Connecticut artist Richard Welling chronicled the ever-changing Hartford cityscape through detailed ink drawings. Acting as both works of art and documentary snapshots, these drawings reveal the additions and subtractions to and from the city’s architectural skyline in the 1960s, 70s, and 80s. Our newest exhibit, (Re)Building Hartford: A City Captured by Richard Welling, showcases his drawings and explores how how and why Hartford changed and how it affects us today.
Constitution Plaza in Hartford is a 3.8-acre area covering three blocks in downtown Hartford. Constructed from 1958-1962, originally had six buildings connected by a public plaza roof garden.
The plaza was considered a model for urban renewal in the 1960s, replacing the Front Street neighborhood, which consisted of 18th- and 19th-century buildings, housing mostly Italian immigrants. Damage from major floods in the 1930s and lack of upkeep by landlords led the neighborhood to be designated as “slums,” which made the project eligible for federal subsidies.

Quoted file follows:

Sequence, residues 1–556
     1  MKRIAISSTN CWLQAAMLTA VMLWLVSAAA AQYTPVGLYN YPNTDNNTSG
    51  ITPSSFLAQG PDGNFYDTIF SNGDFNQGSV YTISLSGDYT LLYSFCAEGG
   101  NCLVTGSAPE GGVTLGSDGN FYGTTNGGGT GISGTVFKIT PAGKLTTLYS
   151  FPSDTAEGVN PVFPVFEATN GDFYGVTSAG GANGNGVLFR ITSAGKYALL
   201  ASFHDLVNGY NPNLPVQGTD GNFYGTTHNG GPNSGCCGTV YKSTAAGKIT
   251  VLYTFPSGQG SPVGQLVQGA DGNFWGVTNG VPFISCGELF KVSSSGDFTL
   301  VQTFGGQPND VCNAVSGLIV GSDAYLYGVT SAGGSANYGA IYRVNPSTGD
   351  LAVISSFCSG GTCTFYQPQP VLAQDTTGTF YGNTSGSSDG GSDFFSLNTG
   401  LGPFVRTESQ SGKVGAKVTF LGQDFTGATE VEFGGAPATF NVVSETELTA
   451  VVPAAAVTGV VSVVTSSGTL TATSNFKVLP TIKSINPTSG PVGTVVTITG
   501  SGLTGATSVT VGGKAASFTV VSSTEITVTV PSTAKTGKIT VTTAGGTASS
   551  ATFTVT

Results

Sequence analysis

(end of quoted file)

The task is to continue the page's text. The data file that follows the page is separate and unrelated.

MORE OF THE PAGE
City planners saw the Front Street neighborhood as prime real estate for urban renewal. Demolition of the Front Street neighborhood began in 1958 and Constitution Plaza was completed 4 years later.
Today, Constitution Plaza is criticized by some for displacing residents and removing the vitality from the city. Defenders argue that it kept businesses in a central downtown district in Hartford. The project originally included shops, office buildings, a research center, parking garages, a hotel, and WTIC’s Broadcast House.
Interested in learning more about Hartford or Richard Welling? Visits chs.org/Hartford for more information about programs, exhibits, and events.